On the morning of 19 November 2004 Senior Sergeant Chris Hurley arrested Mulrunji Doomadgee. Hurley took Doomagee to a cell. By 11:30am Doomagee was dead.
There are many people who still believe Mulrunji Doomadgee’s singing of the reggae song “Who Let the Dogs Out” to senior sergeant Chris Hurley simply cut too close to the bone. Less than an hour after being placed in a cell the 36-year-old was dead – with his liver almost split in two, four broken ribs, a ruptured spleen, severe bruising to his head and a torn portal vein. – National Indigenous Times, reproduced on TreatyRepublic.net
To this day Chris Hurley remains an officer in Queensland Police, and if the following is to be believed, he still doesn’t take kindly to behind taunted or sworn at.
From today’s Courier Mail:
THE police officer acquitted of manslaughter over a high-profile Palm Island death in custody case has been questioned in court over his use of force against a man who allegedly swore at him on the Gold Coast.
Luke Cole is accused of assaulting Senior Sergeant Chris Hurley after swearing at him from a car in Robina on November 15 last year, but Cole alleges the police officer put him in a “choke hold” before he was even told he was under arrest.
Ten years after the death of Mulrunji Doomadgee, Chris Hurley still walks or streets, armed with a badge and a gun.
Fergusen really isn’t that far away.
Gold Coast Bulletin 5 December 2014, ‘Cop Chris Hurley did not have reason to put a Gold Coast man in chokehold during scuffle: Court’:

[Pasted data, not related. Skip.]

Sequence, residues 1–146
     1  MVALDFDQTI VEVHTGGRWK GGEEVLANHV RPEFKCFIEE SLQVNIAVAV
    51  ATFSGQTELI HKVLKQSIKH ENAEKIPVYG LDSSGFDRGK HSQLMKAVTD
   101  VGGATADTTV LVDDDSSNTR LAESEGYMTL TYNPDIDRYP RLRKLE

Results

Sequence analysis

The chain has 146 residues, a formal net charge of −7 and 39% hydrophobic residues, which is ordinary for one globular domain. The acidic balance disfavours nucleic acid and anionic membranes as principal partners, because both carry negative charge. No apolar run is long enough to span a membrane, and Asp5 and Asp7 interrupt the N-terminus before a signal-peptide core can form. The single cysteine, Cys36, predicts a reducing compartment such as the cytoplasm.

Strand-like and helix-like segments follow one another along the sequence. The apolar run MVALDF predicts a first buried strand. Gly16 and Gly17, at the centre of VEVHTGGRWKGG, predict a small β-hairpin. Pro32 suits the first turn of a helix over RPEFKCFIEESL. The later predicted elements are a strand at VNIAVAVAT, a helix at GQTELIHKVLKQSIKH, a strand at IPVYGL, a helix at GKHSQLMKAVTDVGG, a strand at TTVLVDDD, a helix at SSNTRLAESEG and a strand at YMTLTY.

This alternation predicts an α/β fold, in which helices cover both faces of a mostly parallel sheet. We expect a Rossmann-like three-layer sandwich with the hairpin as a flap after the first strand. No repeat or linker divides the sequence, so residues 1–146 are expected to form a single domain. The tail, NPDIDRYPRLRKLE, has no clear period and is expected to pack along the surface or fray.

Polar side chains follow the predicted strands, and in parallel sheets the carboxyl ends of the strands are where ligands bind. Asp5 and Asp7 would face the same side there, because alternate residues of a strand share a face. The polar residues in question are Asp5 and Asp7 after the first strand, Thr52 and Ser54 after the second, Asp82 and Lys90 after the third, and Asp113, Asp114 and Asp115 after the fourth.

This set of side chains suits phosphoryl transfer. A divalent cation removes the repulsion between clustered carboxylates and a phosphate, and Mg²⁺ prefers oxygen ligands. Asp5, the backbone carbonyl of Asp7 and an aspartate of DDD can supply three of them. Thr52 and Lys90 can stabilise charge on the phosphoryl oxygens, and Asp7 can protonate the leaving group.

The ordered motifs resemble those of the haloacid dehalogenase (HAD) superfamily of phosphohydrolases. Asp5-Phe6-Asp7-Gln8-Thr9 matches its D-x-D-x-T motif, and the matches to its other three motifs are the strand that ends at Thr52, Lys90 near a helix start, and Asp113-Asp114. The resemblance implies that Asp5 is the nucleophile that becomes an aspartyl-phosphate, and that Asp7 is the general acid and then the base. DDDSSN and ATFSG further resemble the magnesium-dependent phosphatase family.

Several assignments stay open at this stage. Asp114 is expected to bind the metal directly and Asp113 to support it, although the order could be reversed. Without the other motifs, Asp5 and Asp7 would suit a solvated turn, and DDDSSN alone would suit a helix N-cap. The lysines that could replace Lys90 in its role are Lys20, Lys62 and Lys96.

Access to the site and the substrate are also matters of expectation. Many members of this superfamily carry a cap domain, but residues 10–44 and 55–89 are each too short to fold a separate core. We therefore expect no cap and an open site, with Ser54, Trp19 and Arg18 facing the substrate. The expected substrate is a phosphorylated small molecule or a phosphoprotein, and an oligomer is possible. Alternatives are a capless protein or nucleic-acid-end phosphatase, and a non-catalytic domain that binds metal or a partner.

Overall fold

A COURT has found a police officer was acting outside his duties when he pushed a man up against a car and choked him on the Gold Coast.
Magistrate Kerry Magee told the court she considered aspects of Snr Sgt Hurley’s story lacked credibility or were implausible.
Ms Magee said there was no reason for the police officer to demand Mr Cole get out of the car and said he had no warrant to arrest him.
“This is at a point where he hadn’t even asked the defendant his name,” she said.
Ms Magee questioned Snr Sgt Hurley’s explanation that his hand “slipped” up to Cole’s neck and did not accept the claim that Cole came at the police officer aggressively.
She said Cole showed a “reasonable response to the assault upon him” when he pushed Snr Sgt Hurley.
Not the first time that a member of the judicuary has pointed out that evidence given by Chris Hurley lacked credibility:
Senior Sergeant Hurley did respond to Mulrunji’s punch by himself punching Mulrunji. I am satisfied that this was somewhere to the body area rather than to the head and occurred as the two men struggled outside the station. I reject Senior Sergeant Hurley’s denial as untruthful.
I conclude that these actions of Senior Sergeant Hurley caused the fatal injuries.
From Inquest into the death of Mulrunji, Ms Christine Clements, Acting State Coroner, Coroners Court of Townsville and Palm Island, 2006.
This man is still walking around with a badge and a gun.